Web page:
of complete intersection curves, and in particular of all holomomorphic curves i '

a complex surface, reduces to questions about line bundles and their holomorphi .'

sections.

This familiar theory has a number of simple consequences. We will concentrat '

on the case of symplectic 4-manifolds and complex surfaces, although some of ou.

remarks apply in higher dimensions. First, the existence of any holomorphic curv .

at all in some complex manifolds is a very unstable phenomenon. Take for exampl'

a generic (Kahler) metric on a K3 surface. The integer lattice in H2 only meet

the subspace of (1,1) classes in the origin, so there are no non-trivial holomorphi'

curves. (Note that the ideas here are very close to those we encountered wh :

discussing how to avoid reducible instantons ). The same phenomenon applies mor'

generally, and we shall now see how it can be understood in the framework of th,

local deformation theory of solutions to the holomorphic equation, and cohomology;'

Let us now go back for a while to review some of the general theory of pseud "

holomorphic curves, of a given genus 9 and a given homotopy class, in an almos

complex manifold V. We can define two moduli spaces ME and M ; the first bein

31

Donaldson: Yang-Mills invariants of four-manifolds

'h" Npace of holomorphic maps from a fixed Riemann surface Ii, and the second

'HI'IIK the space of all pseudo holomorphic curves of the given topological type, in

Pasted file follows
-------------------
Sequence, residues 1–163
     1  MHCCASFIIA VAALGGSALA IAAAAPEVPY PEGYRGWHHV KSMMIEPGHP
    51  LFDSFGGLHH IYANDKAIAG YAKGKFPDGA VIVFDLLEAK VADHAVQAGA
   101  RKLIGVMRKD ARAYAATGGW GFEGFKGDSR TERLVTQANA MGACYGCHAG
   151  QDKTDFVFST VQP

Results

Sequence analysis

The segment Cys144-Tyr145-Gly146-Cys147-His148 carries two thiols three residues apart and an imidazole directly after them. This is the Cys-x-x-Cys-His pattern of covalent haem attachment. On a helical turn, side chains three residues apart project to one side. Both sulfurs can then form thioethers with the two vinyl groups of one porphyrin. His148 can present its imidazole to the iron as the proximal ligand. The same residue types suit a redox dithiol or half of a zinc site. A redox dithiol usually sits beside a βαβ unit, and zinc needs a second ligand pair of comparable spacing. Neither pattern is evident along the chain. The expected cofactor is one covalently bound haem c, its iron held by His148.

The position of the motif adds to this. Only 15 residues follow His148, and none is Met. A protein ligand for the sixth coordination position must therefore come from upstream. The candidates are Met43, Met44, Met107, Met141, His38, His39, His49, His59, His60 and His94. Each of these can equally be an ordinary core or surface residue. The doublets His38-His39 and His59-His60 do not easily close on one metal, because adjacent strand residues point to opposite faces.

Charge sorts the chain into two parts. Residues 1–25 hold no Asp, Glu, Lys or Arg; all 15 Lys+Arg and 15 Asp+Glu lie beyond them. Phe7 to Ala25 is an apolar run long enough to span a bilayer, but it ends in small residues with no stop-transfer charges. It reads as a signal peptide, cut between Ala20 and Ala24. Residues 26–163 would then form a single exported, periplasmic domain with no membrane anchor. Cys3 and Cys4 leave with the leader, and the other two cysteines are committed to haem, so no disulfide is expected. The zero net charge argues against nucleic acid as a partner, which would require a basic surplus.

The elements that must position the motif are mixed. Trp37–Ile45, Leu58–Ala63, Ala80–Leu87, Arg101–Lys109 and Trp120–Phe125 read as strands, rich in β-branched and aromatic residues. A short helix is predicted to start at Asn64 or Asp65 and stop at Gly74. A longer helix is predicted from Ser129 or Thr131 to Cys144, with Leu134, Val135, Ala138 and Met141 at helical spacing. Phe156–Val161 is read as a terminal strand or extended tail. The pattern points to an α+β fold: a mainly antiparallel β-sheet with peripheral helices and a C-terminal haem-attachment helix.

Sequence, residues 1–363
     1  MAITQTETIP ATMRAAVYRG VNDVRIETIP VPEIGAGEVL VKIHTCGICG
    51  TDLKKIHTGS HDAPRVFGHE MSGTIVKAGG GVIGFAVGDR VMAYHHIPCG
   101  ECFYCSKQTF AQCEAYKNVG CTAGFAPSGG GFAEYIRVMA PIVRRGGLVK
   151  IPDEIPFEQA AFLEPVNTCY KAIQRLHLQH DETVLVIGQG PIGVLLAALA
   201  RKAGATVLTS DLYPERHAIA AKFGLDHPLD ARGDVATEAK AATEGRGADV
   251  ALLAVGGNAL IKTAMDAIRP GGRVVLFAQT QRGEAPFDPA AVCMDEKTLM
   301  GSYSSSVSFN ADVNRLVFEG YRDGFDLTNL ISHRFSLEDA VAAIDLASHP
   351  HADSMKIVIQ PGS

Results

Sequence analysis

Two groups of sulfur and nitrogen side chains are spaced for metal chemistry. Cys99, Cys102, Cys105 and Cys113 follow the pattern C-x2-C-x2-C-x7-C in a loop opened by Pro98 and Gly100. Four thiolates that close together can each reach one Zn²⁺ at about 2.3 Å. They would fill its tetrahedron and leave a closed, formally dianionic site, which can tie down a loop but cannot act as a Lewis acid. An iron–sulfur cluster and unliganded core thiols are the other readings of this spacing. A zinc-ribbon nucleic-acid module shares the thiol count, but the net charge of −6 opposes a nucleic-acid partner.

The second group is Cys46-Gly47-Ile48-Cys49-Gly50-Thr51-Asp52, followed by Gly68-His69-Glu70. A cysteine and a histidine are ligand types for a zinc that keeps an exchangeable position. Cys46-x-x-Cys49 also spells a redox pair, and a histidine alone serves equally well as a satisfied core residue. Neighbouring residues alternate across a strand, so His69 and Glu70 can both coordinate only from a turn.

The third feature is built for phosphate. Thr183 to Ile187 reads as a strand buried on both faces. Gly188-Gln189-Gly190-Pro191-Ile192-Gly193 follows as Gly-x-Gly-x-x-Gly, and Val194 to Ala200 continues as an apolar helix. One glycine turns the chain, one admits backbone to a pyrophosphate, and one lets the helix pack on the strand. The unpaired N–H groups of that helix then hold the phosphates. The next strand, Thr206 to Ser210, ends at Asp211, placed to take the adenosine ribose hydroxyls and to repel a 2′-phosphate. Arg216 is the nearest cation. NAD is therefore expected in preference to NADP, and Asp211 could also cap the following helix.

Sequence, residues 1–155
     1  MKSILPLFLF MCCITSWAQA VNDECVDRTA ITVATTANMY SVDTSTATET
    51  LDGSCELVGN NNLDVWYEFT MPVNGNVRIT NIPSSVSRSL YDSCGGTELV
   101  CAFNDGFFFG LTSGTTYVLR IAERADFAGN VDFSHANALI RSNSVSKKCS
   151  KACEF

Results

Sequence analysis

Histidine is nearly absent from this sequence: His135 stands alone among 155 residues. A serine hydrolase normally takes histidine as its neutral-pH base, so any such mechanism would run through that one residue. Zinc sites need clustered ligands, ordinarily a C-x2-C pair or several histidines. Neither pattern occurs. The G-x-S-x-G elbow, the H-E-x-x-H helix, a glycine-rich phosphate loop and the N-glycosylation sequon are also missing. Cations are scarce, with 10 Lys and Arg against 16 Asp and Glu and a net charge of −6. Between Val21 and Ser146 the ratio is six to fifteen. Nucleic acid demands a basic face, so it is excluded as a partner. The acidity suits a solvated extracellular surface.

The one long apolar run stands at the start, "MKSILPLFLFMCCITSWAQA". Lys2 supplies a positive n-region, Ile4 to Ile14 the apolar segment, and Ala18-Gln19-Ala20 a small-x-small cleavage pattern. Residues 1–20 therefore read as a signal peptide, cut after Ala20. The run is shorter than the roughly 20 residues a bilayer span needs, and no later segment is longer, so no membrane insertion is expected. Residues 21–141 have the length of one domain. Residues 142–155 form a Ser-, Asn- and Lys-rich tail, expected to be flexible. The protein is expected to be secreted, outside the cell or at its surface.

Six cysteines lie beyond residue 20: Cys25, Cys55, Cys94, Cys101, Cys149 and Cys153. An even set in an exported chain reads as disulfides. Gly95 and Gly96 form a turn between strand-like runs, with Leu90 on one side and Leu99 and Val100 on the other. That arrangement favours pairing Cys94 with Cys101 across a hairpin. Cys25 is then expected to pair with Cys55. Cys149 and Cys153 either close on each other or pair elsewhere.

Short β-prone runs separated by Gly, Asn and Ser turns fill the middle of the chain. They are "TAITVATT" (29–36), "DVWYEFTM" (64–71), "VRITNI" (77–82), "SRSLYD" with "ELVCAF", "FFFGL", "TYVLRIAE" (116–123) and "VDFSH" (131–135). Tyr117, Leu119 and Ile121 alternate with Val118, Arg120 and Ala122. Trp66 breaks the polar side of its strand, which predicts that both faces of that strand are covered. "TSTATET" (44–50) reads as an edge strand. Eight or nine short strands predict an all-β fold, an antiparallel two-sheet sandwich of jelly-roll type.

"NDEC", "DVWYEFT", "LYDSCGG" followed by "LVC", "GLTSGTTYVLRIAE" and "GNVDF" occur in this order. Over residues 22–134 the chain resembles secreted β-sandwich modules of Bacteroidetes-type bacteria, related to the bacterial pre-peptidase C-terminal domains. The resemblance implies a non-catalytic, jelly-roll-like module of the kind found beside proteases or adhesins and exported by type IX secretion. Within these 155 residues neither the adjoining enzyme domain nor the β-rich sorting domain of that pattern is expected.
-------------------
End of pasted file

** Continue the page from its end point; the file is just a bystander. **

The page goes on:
wlll.oll the induced complex structure is allowed to vary. (Thus ME is a fibre of the

""t.urn.l map from M to the moduli space of Riemann surfaces of genus g.) The

U""ltrisation of the equation defining M about a given solution f : ˜ --+ V (which

Wfl t.11.ke, for simplicity, to be an embedding) is given by a linear elliptic operator

,'t t\(˜ting on sections of the normal bundle. The Fredholm index s of 6/ is easily

f'f\lcÂ·,.lnted to be

s = 2(E.E + 1 - g)

.... 1 t.his index is the virtual dimension of the moduli space M of all the pseudo-

huloillorphic curves. To describe ME locally we introduce a similar operator 6/,0'

".'t.iup; on the pull back of the tangent bundle of V. The Fredholm index of fJ/,o is

â€¢ (Gg - 6), and this is the virtual dimension of ME.

Nc)w for a generic almost-Kahler structure on V one can show that the operators

˜ I tU I( 16/,0 are surjective, for all embedded pseudo-holomorphic curves (the analogue

IIr til(' Freed-Uhlenbeck result in the Yang-Mills case), see [15]. This means that

ll,,Â· Illoduli spaces M, ME are smooth manifolds whose dimension agrees with

UuÂ·'" virtual dimension. We will now see that the picture for Kahler metrics is quite

tUlrfÂ·l'C˜llt. Consider a holomorphic curve f : ˜ -+ V in a complex Kahler surface

V ; fc)l' simplicity we assume f is an embedding. The cokernels of ˜/ and 6/,0 can

It" lclc'utified with the sheaf cohomology groups Hl(E; v), Hl(E, TVIE) respectively,

wl,,'n' v is the normal bundle of E in V. We have then:

14.